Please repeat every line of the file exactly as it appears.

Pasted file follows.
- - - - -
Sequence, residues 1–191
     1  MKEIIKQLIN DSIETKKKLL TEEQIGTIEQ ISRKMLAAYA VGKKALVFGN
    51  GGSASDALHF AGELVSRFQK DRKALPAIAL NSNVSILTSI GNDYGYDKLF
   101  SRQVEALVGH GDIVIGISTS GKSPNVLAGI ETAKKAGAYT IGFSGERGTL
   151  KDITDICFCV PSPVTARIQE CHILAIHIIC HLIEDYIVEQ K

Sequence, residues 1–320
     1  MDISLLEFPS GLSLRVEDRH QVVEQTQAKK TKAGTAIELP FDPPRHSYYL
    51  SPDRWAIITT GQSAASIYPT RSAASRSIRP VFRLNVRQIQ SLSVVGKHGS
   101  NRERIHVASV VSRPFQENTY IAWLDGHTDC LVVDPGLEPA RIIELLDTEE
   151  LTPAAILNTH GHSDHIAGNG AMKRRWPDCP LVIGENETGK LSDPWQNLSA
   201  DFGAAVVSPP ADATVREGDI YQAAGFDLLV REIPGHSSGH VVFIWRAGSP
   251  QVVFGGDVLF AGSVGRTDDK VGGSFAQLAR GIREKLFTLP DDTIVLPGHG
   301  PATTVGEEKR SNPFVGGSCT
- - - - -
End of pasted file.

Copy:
Sequence, residues 1–191
     1  MKEIIKQLIN DSIETKKKLL TEEQIGTIEQ ISRKMLAAYA VGKKALVFGN
    51  GGSASDALHF AGELVSRFQK DRKALPAIAL NSNVSILTSI GNDYGYDKLF
   101  SRQVEALVGH GDIVIGISTS GKSPNVLAGI ETAKKAGAYT IGFSGERGTL
   151  KDITDICFCV PSPVTARIQE CHILAIHIIC HLIEDYIVEQ K

Sequence, residues 1–320
     1  MDISLLEFPS GLSLRVEDRH QVVEQTQAKK TKAGTAIELP FDPPRHSYYL
    51  SPDRWAIITT GQSAASIYPT RSAASRSIRP VFRLNVRQIQ SLSVVGKHGS
   101  NRERIHVASV VSRPFQENTY IAWLDGHTDC LVVDPGLEPA RIIELLDTEE
   151  LTPAAILNTH GHSDHIAGNG AMKRRWPDCP LVIGENETGK LSDPWQNLSA
   201  DFGAAVVSPP ADATVREGDI YQAAGFDLLV REIPGHSSGH VVFIWRAGSP
   251  QVVFGGDVLF AGSVGRTDDK VGGSFAQLAR GIREKLFTLP DDTIVLPGHG
   301  PATTVGEEKR SNPFVGGSCT